Kershner works for a nonprofit called , which is starting to make health care prices publicly available in Colorado. His boss, , says knowing prices can change the whole health care ball game. ...But there are laws that get in the way:
Colorado is one of eleven states that are starting to make public a lot of health care prices. It's taken years. An "" is the first step in Colorado. It's basically a giant shoebox that aims to collect a copy of every receipt for a health care service in a given state. Since doctors and hospitals generally don't tell people how much services cost beforehand, the best way to figure out the price is to get receipts from the parties that pay the bills: insurance companies, Medicaid and Medicare, mostly.
The more such information is made public, Sonn says, the more people will "vote with their feet" and migrate away from high-cost providers.
But there's a glitch. In order to get the kinds of reports Ehrenberger and other health care providers want, they have to include price information from all payers, and one of the biggest is Medicare — it pays about a fifth of all health care bills in Colorado. At the moment, Edie Sonn explains, they cannot use that Medicare data in any of the custom reports they want to sell.I don't get this. California car mechanics are required to give a written estimate in advance, or they are no right to get paid. Medical providers could do the same.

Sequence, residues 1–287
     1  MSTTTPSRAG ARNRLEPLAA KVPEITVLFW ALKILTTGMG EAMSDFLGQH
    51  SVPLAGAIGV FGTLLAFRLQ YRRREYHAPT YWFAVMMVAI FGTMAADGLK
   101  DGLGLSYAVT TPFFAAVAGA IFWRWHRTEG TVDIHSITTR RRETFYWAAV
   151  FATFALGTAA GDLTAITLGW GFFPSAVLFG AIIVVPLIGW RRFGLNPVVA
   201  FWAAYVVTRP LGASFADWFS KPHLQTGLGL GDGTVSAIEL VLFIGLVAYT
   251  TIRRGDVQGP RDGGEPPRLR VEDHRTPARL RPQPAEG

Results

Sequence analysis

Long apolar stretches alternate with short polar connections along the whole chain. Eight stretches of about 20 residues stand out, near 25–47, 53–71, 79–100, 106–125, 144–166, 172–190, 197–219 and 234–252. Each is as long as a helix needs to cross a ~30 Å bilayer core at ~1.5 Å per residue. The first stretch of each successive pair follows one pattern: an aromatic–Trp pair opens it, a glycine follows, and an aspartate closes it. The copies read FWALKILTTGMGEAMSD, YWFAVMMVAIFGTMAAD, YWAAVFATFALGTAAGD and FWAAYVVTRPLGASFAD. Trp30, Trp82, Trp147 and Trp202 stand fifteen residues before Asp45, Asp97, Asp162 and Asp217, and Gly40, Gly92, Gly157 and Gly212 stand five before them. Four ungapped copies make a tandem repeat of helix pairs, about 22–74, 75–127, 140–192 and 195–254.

A snippet of the data ProPublica obtained from the federal government about Medicare Part D, the prescription drug benefit for seniors.
"Current federal law restricts what we can do with that Medicare data," she says. "The only thing you can use their data for is public reporting."
Only a dishonest business refuses to put its prices on its web site. I am surprised that anyone pays medical bills, when the amounts were never authorized in advance.